Alkalosis vs Acidosis
Normal human blood pH is maintained at about 7.4. This is the pH where most of the enzymes show their optimum activity. Also, this is the pH where most of other biological molecules show their maximum functionalities. So it is important to maintain the blood pH at this level. Our bodies have special mechanisms to regulate pH at his level (between 7.35 and 7.45). Alkalosis and acidosis are two abnormal conditions where blood pH varies from the normal value. When the pH is higher than 7.45, blood will be more alkaline. In contrast when the pH is below 7.35, blood will be more acidic. If these values vary largely from the normal level (for example pH 4 or pH 10), it is a very extreme condition. There are many mechanisms in our bodies to regulate the pH level. Kidneys, lungs are the main organs participating in these mechanisms. Any disease that affects the mechanisms of respiration or excretion can cause alkalosis and acidosis.
Alkalosis is the condition of having a blood pH more than 7.45 due to excess alkali in blood. Ideally, this is referred to the blood in arteries. Alkalosis can occur due to several reasons. One reason is due to hyperventilation. This can cause loss of carbon dioxide, which needs to maintain proper acidity. Metabolic alkalosis results due to disturbances in the electrolyte content of the body. This can be because of prolonged vomiting, extreme dehydration conditions, etc. Further, when high amounts of basic compounds are consumed, alkalosis can occur.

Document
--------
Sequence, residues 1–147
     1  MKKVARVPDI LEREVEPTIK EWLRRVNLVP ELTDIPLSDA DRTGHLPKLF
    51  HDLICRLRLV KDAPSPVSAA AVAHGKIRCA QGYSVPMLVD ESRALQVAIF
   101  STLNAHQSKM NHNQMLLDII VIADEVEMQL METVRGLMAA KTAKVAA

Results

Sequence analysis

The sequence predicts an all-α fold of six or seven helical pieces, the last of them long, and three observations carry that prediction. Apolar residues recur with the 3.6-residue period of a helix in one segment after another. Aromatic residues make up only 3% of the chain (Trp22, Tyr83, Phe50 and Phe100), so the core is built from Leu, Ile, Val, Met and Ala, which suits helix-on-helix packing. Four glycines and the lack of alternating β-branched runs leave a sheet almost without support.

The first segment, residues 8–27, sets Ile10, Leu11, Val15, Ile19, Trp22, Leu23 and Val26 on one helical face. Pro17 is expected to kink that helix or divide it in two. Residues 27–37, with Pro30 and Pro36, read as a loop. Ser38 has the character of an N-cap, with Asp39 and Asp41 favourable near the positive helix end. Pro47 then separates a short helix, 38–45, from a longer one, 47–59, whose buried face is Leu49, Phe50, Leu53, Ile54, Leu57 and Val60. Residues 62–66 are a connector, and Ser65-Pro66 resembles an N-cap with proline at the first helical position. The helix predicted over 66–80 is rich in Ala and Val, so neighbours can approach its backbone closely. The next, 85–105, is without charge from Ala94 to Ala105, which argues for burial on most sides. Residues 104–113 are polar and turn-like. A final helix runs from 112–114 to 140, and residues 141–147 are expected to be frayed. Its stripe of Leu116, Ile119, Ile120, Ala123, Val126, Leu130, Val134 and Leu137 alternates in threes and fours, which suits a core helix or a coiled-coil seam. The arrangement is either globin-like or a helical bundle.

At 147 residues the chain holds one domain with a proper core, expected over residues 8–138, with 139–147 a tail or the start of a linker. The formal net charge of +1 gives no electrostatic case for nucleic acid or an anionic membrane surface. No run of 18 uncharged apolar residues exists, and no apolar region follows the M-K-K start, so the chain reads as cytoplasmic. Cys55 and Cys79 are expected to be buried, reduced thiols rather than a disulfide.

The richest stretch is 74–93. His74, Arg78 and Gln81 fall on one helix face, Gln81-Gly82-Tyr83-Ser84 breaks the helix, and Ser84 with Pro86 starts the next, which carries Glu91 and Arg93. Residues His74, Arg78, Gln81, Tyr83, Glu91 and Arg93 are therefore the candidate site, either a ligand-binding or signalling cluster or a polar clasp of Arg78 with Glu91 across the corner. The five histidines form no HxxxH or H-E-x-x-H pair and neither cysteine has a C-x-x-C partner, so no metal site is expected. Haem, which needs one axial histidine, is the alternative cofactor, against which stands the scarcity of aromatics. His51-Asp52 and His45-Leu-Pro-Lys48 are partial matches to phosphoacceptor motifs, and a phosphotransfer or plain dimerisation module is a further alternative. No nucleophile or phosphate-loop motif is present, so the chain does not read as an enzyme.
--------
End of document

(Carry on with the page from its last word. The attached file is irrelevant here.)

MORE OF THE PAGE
Acidosis refers to the condition of having a pH lower than 7.35 in blood. As by-products of metabolism in cells, large quantities of acidic compounds are produced. Carbon dioxide is the most widely produced molecule in cells through cellular respiration. Carbon dioxide is an acidic gas. It dissolves in water and produce carbonic acid. Other than carbon dioxide, lactic acid, ketoacids, and other organic acids are also produced. All these should be regulated and remove from the body in order to prevent unnecessary pH drop. For example, we have a buffering system in our bodies for this. These can withstand addition of excess alkali and acid. In other words, they don’t allow pH changes upon addition of acids or alkali. Bicarbonates, phosphates, plasma proteins act as good buffers inside our bodies. Further, kidneys and lungs are the main organs participating in regulating blood pH. Carbon dioxide is removed from the body from lungs through exhaling. Inhaling and exhaling is an important process in maintaining the blood pH level. Kidneys produce urine and, through this process, they excrete most of the unwanted acidic components from our bodies. Especially bicarbonate level is regulated from kidneys.
Therefore, as stated above, acidosis can occur due to increased production of acidic compounds from metabolism, increased consumption of food which produces acidic compounds, low acid excretion. Moreover, if more bases are excreted from the body, acids inside the body can be comparatively increased.
What is the difference between Alkalosis and Acidosis?
• Acidosis refers to the condition of having a pH lower than 7.35 in blood. Alkalosis is the condition of having a blood pH more than 7.45.
• Alkalosis is due to high alkaline compounds in blood and acidosis is due to the high amount of acidic compounds in blood.